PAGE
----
What does “value” mean? Value helps you understand typically how helpful a piece is on the board. Simply speaking if you had an option to exchange a rook for a bishop and a knight you could do some quick math: 3+3 > 5. So yeah, that’s a good deal go for it. But… it doesn’t always work perfectly because piece position matters. Think about it, if you have a pawn about to promote to queen it’s definitely worth more than 1 point. We’ll save in depth positional analysis for the future, but now we can head back to the board itself to see how position affects value in a broad sense.
Sometimes people describe the board as a pyramid where the strongest squares are in the middle with power waning as you move to the edges. This is true for the most part. Think about it geometrically. A bishop in one of the center four squares can move to 13 other squares. A bishop on the edge can only move to 7 squares. The same is even more true for a knight. A knight in the center covers 8 squares. A knight in the corner? Only 2. The power of a piece has a lot to do with its position and the resulting influence it carries over the rest of the board.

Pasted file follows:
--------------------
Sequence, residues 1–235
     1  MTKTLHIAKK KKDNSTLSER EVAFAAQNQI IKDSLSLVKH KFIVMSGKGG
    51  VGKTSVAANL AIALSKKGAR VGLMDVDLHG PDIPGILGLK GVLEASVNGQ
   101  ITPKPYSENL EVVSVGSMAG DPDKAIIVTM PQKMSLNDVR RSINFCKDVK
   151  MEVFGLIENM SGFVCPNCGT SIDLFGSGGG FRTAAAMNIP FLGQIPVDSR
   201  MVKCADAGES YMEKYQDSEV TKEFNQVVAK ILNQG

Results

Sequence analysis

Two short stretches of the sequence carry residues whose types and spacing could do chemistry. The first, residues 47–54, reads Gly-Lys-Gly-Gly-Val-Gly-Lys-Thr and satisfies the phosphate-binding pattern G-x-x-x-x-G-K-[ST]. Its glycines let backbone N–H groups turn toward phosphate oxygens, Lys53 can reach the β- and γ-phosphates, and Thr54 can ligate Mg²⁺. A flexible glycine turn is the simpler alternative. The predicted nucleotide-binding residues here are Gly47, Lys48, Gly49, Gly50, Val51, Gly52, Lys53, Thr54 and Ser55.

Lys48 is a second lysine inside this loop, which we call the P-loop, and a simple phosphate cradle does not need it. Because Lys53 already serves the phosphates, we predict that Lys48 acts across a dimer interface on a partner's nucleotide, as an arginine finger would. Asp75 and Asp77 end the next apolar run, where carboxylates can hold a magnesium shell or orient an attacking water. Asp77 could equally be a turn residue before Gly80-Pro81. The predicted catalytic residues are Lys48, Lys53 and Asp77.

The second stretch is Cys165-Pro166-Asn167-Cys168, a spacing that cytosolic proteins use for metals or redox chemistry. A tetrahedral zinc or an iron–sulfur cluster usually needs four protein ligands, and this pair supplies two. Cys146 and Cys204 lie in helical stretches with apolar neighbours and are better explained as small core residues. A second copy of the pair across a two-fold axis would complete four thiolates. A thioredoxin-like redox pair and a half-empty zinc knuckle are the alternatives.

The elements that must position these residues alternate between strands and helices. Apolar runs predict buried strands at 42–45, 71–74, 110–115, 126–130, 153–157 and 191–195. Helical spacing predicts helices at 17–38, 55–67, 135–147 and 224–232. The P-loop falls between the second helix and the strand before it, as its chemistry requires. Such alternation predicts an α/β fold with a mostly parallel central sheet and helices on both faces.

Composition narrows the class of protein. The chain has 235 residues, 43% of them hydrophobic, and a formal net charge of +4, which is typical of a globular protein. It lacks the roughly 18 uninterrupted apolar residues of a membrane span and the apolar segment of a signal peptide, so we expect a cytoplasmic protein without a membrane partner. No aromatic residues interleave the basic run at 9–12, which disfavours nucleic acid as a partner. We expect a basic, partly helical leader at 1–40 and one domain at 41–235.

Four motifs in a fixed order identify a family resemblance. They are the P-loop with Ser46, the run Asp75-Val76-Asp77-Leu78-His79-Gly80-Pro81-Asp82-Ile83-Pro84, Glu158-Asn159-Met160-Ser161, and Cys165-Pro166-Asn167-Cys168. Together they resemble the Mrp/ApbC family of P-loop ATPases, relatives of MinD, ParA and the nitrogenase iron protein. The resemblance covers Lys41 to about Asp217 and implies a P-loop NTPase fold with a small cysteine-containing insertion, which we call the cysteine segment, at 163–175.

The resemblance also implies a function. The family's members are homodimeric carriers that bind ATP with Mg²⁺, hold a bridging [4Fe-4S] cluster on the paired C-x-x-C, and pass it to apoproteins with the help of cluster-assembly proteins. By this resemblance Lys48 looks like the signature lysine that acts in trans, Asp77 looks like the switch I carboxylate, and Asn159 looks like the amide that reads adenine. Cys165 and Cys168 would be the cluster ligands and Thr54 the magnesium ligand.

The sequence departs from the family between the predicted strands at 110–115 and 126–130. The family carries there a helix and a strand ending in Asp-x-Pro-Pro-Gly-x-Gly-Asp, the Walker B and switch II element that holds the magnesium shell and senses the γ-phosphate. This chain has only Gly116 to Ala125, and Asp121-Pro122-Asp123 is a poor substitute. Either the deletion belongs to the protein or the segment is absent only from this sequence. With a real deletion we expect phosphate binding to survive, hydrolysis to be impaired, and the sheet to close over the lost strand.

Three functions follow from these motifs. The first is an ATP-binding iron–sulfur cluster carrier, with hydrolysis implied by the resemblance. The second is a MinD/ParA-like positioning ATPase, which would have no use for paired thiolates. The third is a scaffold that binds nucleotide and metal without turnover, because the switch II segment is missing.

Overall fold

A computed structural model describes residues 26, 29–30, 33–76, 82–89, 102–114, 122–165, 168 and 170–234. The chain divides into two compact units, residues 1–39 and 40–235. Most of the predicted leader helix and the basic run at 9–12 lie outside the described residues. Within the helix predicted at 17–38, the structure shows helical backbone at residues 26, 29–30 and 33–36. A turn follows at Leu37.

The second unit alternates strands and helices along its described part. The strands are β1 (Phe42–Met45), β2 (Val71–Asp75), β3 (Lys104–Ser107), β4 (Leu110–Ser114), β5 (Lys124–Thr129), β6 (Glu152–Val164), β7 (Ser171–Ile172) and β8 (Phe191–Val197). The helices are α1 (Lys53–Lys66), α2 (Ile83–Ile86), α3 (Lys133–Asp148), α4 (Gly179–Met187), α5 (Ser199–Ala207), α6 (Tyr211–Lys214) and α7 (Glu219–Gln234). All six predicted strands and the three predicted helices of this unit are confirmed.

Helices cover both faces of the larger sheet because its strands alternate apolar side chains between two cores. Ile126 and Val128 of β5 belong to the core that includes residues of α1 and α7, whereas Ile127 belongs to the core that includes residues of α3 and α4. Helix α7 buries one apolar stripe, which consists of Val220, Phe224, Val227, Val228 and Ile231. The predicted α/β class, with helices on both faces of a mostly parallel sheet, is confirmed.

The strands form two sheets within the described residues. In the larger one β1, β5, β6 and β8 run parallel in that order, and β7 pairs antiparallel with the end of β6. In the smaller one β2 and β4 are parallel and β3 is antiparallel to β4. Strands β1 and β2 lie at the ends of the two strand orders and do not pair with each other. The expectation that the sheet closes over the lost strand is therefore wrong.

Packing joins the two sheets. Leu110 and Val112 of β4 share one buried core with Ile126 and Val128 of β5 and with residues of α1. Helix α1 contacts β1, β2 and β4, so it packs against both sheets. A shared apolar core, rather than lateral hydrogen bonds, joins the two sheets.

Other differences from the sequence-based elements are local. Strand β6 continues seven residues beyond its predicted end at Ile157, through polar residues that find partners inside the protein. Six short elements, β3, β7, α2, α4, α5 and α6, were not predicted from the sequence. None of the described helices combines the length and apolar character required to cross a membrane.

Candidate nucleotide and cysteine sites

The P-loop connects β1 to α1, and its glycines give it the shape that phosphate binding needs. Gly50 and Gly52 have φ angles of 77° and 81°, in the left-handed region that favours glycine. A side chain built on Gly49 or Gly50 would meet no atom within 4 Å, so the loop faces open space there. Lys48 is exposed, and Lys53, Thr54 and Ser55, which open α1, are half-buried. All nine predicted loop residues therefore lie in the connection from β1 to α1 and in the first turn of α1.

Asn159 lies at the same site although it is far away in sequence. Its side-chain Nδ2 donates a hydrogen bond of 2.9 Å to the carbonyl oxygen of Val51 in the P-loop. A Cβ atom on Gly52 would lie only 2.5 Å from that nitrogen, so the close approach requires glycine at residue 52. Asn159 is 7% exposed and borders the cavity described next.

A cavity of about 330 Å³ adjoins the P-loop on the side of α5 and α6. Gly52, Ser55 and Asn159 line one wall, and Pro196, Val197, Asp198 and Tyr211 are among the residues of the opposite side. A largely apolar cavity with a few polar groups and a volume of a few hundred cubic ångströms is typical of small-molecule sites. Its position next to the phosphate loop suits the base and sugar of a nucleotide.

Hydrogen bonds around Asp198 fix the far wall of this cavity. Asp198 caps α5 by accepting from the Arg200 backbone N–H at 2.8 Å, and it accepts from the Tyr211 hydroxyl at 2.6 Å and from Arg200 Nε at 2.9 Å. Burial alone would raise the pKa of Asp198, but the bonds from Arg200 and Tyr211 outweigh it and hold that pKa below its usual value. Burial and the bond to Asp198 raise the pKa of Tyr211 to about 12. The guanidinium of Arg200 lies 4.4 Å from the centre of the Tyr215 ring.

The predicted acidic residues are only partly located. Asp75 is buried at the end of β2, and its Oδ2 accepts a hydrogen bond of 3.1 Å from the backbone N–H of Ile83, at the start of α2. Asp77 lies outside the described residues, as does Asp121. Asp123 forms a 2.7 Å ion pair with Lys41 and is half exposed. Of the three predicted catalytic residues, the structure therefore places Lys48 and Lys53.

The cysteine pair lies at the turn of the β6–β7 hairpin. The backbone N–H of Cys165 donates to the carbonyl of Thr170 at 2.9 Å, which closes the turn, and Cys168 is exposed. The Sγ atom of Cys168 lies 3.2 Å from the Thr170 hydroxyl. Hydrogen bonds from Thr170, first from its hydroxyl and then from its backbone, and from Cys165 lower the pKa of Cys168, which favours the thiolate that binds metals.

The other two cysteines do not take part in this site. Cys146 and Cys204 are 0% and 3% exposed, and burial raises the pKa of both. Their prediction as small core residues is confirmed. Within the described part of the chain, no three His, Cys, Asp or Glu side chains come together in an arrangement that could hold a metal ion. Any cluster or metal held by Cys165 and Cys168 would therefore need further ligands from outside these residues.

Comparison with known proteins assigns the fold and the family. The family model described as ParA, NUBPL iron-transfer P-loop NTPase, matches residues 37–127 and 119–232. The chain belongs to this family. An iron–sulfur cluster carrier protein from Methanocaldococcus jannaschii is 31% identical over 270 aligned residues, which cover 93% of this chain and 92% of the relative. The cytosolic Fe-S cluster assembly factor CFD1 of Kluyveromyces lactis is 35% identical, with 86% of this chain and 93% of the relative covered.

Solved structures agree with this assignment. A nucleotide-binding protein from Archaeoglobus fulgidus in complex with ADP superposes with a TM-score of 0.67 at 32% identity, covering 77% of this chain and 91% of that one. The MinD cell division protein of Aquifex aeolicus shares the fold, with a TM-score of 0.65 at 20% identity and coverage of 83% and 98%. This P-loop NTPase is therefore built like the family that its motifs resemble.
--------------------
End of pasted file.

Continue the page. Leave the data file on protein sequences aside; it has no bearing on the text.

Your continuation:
This is where we come up with the general rule of thumb: fight for the center. If you can navigate more of your pieces into the center they will be more effective and have more offensive/defensive capabilities.
Fun fact – another rule of thumb that relates to this: A knight on the rim is dim
Understanding the board and the value of the pieces helps us understand how to move our pieces. It is my understanding that this is how chess computers calculate the best move. They evaluate positions, rate them on a scale, and then calculate which moves improve the evaluation. Most simple chess engines rate a position down to the centipawn – that is, 1/100th of a pawn i.e. Position A is 36 centipawns better than Position B. CRAZY!
There are a few other unique facets of the bishop and knight beyond what we’ve already discussed. Let’s take a look